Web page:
[ sil-ee ]
/ ˈsɪl i /

adjective, sil·li·er, sil·li·est.

noun, plural sil·lies.

Informal. a silly or foolish person: Don't be such a silly.

Origin of silly

1375–1425; earlier sylie, sillie foolish, feeble-minded, simple, pitiful; late Middle English syly, variant of sely seely


1 witless, senseless, dull-witted, dim-witted. See foolish.
2 inane, asinine, nonsensical, preposterous.

Related forms

sil·li·ly, adverbsil·li·ness, nounun·sil·ly, adjective Unabridged Based on the Random House Unabridged Dictionary, © Random House, Inc. 2019

Examples from the Web for silly

British Dictionary definitions for silly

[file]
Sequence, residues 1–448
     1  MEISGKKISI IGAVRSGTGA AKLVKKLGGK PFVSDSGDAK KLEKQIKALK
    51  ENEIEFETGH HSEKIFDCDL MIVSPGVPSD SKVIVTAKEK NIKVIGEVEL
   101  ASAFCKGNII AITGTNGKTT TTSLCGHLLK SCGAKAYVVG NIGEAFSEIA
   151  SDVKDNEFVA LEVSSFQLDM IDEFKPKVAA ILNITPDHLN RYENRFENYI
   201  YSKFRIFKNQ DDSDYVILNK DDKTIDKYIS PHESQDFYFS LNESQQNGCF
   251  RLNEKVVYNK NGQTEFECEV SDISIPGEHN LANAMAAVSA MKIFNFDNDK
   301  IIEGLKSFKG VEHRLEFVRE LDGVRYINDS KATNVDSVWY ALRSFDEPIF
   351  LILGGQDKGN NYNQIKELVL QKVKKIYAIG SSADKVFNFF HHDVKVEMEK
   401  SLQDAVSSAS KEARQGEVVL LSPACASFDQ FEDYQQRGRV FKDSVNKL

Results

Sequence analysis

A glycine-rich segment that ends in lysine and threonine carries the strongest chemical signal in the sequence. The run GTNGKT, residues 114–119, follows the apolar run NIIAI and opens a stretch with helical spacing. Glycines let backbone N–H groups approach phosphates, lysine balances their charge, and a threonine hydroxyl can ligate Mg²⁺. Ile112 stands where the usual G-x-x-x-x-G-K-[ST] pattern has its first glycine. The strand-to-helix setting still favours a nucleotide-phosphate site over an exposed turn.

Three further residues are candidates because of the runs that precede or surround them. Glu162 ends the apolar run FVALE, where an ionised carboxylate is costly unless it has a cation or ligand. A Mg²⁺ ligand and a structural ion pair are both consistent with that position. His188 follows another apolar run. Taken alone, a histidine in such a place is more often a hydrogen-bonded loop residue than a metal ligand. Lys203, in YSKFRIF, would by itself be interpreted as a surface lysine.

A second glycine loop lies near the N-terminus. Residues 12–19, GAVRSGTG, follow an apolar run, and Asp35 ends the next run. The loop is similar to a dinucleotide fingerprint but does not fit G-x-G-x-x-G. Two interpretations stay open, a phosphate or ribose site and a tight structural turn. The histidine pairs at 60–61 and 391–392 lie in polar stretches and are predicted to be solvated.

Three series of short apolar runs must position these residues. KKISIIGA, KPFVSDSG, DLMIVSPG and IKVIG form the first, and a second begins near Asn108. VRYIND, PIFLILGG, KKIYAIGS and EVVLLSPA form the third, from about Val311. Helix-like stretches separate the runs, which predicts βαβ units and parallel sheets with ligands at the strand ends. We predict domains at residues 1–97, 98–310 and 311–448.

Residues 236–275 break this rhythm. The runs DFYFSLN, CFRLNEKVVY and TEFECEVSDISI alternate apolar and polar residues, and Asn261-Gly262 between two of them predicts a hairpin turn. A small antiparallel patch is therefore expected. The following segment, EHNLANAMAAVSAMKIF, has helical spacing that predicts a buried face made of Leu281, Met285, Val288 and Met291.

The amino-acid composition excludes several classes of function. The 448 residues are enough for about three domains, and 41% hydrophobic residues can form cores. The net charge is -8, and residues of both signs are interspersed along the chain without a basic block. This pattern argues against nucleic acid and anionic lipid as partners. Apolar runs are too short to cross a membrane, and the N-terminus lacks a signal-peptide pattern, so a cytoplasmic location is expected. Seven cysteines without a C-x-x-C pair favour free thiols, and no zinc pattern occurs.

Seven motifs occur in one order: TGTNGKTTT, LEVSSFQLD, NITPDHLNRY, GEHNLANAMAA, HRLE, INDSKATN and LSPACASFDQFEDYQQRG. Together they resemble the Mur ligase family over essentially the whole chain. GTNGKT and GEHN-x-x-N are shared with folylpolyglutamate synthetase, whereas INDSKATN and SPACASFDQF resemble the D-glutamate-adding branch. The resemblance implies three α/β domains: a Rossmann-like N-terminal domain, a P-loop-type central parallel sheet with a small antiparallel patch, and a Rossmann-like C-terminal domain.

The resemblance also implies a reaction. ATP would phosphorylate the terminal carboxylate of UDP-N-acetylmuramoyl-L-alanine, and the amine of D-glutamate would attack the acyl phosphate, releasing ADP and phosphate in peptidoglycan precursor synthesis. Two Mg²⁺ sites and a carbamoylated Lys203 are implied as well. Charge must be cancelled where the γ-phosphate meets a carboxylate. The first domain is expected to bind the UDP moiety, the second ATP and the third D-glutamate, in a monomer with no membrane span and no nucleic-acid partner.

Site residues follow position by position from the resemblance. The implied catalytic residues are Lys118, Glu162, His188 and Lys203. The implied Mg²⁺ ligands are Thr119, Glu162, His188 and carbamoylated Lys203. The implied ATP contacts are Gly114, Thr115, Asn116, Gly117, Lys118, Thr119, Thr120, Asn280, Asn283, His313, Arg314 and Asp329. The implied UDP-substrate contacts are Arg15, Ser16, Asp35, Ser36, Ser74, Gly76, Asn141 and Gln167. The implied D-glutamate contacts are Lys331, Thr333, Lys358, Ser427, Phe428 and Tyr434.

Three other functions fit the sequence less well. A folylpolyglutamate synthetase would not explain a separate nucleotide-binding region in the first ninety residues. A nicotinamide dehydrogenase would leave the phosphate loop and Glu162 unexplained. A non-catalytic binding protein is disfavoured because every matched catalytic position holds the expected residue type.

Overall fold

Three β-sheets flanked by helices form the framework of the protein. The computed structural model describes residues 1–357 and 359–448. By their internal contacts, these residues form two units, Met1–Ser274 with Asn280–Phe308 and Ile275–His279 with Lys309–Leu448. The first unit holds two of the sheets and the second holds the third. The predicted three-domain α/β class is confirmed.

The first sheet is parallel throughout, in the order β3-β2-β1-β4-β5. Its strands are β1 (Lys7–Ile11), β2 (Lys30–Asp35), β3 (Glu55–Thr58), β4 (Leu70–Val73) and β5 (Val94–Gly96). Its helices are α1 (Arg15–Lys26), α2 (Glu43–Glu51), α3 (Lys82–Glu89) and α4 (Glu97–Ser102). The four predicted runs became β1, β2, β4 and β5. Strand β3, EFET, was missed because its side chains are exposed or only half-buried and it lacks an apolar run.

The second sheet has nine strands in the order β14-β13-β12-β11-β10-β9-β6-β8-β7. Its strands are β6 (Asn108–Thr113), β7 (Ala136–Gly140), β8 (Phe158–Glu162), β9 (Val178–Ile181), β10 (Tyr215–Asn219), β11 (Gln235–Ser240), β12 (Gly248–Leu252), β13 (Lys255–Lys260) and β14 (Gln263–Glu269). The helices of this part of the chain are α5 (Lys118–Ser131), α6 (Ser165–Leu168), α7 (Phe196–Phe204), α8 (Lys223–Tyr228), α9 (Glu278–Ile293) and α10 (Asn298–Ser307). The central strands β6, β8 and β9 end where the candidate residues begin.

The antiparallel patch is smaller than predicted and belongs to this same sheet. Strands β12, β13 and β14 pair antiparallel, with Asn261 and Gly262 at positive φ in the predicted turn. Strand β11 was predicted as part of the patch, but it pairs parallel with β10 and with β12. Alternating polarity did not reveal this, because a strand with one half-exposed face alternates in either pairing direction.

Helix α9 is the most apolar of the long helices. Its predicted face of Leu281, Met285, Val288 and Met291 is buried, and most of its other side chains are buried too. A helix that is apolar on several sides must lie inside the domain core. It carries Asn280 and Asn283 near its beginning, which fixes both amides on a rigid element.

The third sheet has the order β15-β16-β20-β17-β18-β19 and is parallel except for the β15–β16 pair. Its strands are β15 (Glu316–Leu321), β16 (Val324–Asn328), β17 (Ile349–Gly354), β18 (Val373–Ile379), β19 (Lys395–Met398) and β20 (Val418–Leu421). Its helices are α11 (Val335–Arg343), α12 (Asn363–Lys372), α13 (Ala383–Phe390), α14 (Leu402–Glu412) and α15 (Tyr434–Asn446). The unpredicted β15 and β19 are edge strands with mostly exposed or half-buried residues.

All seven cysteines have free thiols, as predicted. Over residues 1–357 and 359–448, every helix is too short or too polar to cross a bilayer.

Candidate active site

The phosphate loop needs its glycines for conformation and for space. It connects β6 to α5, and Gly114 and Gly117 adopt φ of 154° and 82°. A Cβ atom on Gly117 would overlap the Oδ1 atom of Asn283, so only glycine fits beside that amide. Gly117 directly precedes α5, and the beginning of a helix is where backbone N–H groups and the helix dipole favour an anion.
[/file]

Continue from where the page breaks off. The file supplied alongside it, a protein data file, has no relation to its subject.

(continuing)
/ (ˈsɪlɪ) /

adjective -lier or -liest


(modifier) cricket (of a fielding position) near the batsman's wicketsilly mid-on
Also called: silly-billy plural -lies informal a foolish person

Derived Forms

silliness, noun

Word Origin for silly

C15 (in the sense: pitiable, hence the later senses: foolish): from Old English sǣlig (unattested) happy, from sǣl happiness; related to Gothic sēls good
Collins English Dictionary - Complete & Unabridged 2012 Digital Edition © William Collins Sons & Co. Ltd. 1979, 1986 © HarperCollins Publishers 1998, 2000, 2003, 2005, 2006, 2007, 2009, 2012